--photography, telescopes or whatever--Tiffany:
yeah, exactly. Something like that. I think It's definitely really important. I think the other tip that I I would have is going on Instagram, looking up like local hashtags and things like that, like W wherever you live, input your city and then whatever secondary you in you, like be looking for looking up for like local events and what that looks like. Be really comfortable in spending some time with yourself, as I mentioned, kind of the first one, but don't be afraid to try new things. Like for me, I went to the dog park with my dog and like, Connected with people, but I think theirs would just kind of be the first couple that I would think about when someone is looking or seeking to find new friendsCassandra:
it's a great core. Cause it's who are you? I think that's, why. I would hazard to say that you went through an awkward phase. I know I did. I call it the first, most of my life. , and the biggest difference between then and now is just like you say, being confident, like I'm a little nerdy. I asked dorky questions. I say the wrong thing sometimes. And rather than like, letting that shut me down and like, make me fearful of saying anything. Except that part of myself and try to try to be better, right. Try not to put my foot in my mouth all the time. But like, it's okay to be my thing. Even on our neighbor, we have a relatively new neighborhood and I'm known for being like, hi, how are you? Where do you live? Those are my introduction questions. I would like to know your name and your address, and so that might be off putting to people and, and that's okay. I accept that. It's a weird thing to say. I want to know where you live. I want to know where in our community you areTiffany:
I can look out for you. And yes, which house are you? I think you bring up a great point too, because that would be my third point is that sometimes out of your greatest pain comes your greatest gifting. And I talk about that a lot. So sometimes like when we're feeling lonely or we're feeling excluded or things like that, we have opportunities to extend that. So you're new to a neighborhood. You become the welcome wagon.Cassandra:
That's what we've done. You're not surprised I can tell you're not superior. Sounds like something, I love that. And then once you know who you are, it makes that makes it easier to go out to, you know, your local farmer's market or what I say, local farmer's market. And then thinking of like the Dallas farmer's market, which is like huge, but like even in little Italy in San Diego, like any of these. You know, city farmer's markets if you are scared to be by yourself, that most of that I would say is rooted in knowing yourself. So I definitely think that those go together. Those are great suggestions. Thank you. Are there any resources or anything that you've seen that have really any books that you've read, anything that have really encouraged you or that you suggest to people that encourage them to get into community?Tiffany:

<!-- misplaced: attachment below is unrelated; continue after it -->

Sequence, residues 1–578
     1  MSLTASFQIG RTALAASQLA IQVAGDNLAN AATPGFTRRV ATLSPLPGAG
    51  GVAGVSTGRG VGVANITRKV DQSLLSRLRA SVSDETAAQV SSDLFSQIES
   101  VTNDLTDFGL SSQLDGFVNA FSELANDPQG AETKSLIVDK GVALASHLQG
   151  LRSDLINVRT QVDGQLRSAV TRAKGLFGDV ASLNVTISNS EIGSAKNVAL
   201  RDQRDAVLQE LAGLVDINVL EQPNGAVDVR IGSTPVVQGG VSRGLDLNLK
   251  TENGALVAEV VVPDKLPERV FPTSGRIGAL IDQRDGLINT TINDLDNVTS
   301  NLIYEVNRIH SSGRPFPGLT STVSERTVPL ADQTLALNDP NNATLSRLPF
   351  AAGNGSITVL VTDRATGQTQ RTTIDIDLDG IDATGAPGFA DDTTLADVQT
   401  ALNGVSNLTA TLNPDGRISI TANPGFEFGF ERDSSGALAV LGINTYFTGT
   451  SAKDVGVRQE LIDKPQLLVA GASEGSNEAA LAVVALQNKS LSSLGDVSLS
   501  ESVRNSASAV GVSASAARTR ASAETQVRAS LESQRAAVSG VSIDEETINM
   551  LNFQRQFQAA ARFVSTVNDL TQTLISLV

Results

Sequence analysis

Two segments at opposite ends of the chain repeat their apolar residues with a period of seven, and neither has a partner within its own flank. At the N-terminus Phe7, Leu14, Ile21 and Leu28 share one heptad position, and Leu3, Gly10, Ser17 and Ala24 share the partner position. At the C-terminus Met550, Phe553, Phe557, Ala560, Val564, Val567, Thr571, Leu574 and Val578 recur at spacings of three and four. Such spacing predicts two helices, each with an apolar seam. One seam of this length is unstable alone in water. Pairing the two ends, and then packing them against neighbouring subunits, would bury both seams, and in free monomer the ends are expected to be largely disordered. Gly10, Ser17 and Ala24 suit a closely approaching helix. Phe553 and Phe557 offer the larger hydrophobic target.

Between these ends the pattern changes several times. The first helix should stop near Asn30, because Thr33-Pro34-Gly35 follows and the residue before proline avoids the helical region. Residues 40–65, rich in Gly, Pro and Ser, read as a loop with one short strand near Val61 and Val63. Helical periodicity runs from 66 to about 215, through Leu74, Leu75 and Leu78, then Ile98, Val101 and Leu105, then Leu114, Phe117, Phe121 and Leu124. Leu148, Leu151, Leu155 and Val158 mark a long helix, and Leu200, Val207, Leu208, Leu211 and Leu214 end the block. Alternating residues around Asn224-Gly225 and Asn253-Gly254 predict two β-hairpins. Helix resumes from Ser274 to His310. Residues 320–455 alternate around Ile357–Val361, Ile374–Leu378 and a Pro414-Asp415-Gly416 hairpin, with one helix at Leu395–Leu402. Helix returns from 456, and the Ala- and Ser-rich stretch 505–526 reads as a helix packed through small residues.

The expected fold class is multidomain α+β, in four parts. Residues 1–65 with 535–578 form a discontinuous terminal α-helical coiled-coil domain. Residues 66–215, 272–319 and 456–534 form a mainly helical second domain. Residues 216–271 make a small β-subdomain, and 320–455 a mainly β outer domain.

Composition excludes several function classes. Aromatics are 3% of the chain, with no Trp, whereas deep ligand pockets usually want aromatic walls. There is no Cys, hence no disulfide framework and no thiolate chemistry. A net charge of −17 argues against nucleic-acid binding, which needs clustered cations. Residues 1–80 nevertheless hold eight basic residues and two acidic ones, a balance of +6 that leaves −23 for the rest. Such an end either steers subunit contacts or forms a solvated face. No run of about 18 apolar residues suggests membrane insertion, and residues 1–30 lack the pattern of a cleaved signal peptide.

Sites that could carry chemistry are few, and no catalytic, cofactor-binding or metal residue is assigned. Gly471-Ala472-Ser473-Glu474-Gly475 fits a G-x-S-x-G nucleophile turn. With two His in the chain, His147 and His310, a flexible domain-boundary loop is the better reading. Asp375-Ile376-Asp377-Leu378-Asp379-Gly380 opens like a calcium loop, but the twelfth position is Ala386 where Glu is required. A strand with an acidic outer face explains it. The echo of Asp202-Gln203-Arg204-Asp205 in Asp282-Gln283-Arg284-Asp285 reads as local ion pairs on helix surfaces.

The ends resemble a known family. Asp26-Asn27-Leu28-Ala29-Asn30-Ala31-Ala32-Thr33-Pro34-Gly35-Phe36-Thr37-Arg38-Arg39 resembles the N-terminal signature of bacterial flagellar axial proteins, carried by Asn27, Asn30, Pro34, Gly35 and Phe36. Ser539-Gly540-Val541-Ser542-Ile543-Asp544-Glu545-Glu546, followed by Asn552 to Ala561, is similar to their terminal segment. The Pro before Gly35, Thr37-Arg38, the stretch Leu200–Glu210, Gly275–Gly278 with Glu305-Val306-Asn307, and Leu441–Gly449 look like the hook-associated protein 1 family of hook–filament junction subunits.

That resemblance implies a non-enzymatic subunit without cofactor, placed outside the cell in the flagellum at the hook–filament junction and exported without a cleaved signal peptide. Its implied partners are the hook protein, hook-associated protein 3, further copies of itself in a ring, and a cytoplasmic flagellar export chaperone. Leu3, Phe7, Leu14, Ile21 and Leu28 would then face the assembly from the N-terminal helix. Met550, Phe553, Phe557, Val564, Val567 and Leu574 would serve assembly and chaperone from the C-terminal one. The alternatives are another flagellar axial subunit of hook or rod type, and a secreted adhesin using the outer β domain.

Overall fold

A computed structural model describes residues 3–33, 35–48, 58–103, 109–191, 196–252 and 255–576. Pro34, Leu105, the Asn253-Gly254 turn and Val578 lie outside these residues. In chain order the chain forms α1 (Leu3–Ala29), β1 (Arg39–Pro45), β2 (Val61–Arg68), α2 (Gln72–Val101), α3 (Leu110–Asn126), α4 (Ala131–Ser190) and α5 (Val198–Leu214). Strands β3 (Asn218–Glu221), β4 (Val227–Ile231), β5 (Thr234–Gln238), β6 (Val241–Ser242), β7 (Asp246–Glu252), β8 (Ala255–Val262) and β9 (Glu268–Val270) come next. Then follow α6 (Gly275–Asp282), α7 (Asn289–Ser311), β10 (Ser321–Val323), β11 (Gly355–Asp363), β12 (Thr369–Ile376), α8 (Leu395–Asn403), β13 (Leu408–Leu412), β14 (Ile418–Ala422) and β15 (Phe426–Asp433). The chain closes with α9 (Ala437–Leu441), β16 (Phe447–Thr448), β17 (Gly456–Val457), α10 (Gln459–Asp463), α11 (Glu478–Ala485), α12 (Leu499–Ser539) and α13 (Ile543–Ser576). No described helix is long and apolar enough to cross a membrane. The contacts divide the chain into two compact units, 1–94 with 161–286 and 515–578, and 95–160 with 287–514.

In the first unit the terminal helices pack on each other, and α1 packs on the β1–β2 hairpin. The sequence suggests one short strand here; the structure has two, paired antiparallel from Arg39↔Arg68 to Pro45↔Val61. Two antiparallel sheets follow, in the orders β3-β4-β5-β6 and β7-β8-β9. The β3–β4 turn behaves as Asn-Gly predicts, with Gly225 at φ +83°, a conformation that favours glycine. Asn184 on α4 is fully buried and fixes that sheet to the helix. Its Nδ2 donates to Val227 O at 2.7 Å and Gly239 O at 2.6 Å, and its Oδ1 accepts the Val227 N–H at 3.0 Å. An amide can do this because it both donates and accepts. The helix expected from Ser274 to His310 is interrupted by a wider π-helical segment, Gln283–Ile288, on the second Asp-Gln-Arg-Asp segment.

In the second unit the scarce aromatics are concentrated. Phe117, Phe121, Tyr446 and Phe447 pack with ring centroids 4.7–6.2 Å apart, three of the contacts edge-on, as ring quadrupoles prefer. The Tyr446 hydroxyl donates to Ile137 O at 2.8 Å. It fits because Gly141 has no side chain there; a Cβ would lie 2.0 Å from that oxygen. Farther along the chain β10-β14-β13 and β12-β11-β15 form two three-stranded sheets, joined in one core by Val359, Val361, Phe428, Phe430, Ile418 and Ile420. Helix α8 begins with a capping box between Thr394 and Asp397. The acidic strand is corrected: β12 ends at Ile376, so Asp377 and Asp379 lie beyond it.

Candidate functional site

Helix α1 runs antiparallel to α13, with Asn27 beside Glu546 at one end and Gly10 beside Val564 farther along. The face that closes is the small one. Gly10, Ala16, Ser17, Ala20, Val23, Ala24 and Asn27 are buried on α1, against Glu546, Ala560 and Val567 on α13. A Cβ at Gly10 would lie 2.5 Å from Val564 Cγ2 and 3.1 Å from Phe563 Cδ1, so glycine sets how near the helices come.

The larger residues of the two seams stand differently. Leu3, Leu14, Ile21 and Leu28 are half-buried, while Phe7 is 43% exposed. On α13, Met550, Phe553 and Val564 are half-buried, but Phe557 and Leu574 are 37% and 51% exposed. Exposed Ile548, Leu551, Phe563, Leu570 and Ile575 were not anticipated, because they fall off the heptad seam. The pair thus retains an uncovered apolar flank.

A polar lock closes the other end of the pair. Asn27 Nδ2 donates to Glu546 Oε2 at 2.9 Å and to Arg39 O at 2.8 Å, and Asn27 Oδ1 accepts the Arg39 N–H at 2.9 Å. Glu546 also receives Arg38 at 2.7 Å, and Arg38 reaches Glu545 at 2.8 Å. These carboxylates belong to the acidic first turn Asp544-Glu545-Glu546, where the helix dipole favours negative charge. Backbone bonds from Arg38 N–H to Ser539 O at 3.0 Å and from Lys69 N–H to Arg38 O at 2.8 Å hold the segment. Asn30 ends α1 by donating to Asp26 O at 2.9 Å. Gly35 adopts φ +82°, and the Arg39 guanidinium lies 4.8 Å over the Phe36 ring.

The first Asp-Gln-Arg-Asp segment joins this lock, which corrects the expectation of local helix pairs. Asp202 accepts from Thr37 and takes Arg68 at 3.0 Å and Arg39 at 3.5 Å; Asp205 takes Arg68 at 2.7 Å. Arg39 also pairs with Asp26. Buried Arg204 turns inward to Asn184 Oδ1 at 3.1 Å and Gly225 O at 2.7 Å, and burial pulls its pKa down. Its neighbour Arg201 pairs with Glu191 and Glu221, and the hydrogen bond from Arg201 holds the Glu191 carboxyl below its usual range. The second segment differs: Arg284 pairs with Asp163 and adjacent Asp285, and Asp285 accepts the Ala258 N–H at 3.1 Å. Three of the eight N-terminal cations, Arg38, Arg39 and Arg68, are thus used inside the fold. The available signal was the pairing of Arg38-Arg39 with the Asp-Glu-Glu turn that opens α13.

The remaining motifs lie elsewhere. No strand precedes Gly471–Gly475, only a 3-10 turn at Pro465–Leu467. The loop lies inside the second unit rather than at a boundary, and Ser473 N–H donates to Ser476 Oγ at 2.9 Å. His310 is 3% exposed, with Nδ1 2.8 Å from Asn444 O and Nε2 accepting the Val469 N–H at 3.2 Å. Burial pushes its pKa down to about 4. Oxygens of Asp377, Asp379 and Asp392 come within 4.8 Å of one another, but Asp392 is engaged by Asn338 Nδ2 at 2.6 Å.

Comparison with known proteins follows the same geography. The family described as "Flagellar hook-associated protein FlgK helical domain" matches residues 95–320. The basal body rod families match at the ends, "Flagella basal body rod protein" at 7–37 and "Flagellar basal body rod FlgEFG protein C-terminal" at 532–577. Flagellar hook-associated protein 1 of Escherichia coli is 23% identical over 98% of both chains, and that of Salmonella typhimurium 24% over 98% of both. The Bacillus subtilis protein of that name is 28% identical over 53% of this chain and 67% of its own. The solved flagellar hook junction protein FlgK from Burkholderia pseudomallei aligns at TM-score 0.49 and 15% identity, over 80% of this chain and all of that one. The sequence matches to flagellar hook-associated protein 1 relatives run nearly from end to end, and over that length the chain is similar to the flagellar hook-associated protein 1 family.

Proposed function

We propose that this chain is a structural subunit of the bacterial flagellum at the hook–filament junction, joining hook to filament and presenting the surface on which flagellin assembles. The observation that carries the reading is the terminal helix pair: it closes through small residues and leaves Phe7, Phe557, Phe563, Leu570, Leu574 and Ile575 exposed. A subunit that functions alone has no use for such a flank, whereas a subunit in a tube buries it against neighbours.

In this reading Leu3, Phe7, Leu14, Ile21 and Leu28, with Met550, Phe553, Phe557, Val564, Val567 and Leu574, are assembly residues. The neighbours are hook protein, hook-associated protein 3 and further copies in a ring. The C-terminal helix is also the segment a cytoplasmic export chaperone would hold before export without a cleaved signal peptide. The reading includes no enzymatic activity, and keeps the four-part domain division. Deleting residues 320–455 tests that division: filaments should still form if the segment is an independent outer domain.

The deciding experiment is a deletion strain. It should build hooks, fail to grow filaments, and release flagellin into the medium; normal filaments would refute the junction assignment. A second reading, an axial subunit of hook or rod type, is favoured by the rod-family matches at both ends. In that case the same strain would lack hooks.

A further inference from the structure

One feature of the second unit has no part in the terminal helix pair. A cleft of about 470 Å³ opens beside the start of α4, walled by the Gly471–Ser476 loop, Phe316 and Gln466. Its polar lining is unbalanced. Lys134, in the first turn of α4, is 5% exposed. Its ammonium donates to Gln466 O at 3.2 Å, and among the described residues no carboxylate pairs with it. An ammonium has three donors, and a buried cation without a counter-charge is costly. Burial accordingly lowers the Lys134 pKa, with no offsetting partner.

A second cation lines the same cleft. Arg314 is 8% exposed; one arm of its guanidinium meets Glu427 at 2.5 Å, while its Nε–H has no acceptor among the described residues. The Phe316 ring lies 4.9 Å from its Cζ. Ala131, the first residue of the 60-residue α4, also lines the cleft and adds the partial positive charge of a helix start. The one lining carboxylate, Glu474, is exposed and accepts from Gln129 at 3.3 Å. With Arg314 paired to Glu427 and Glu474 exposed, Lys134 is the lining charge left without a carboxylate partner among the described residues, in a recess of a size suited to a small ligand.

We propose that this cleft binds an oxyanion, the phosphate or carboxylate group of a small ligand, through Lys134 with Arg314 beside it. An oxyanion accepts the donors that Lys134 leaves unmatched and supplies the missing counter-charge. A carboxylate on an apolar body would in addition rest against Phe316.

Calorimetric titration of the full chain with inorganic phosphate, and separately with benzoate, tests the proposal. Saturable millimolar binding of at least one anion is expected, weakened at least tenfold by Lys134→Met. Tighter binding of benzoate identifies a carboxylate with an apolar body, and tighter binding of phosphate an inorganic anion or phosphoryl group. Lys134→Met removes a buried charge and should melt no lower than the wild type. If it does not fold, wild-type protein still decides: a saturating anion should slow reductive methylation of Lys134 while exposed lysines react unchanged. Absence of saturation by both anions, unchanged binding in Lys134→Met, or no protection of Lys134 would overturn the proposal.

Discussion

Oh, my gosh. Yes. So it's literally the last page of bread and wine by Shauna and I inquests and I actually send it to every person that becomes a city leader. And it's just one of the most beautiful pages. I literally weep every time I read it. But it talks about. Throwing open your doors and inviting people that you love into the mess and that how often we wait to invite people over until our houses are clean or till our life is put together or whatever the case may be. But it just literally like throw up in your doors and invite people into your mess, like invite people into your tears, invite people into your laughter. And it talks about like, really beautiful of like, you know, how Roman garlic is like, there are some garlic cloves on the stove, like, and just like bring people into that, like hardiness and it talks about, you know, On one hand, like you have a friend that might be going through one of the happiest moments of their life, and then you have, on the other side, you have a friend that's walking through a miscarriage and that you can hold space for both. And that life doesn't have to be about like the butterflies and rainbows. It just has to be about doing life together and locking arms together. And it doesn't have to be about the anti stances or the are you for, or are you against, or what that looks like, but just like understanding. Well, first and foremost, like we're human and that's what we get to connect in. And that's the great equalizer is humanity. And that how a great meal is just like the most like simple piece of nourishment that literally every single human being needs in the world. And it's like, that's all you have to do is like offer people nourishment because that's like first and foremost, like we can't survive without that. And then when you bring in like the connection pieces to it and. Not the textable soundbites anymore. And you just continued to invite people in it. It's really pretty in the, the book is like full of like recipes she's like created with her friends and things like that. But like literally that book, I would say how sh like that last two pages has like so clearly defined, like what my heart beats for and why I do what I do, because I, I just think that there's like, it breaks my heart. To see like a world that's like hurting and feeling like, well, if you don't believe this, or you don't believe that, or things like that, but it's like, we don't create spaces to allow people from different worldviews and perspectives to come together. And literally, like, we're not going to talk about that. We're just going to brunch. We're just going to share a meal together. And then all of a sudden it's like your shoulders job, you breathe a little bit deeper. And it's like, oh yeah, you're human. You know, like, and we can just remember that. And I think that's like, where. World peace will happen. If we go share a meal with someoneCassandra: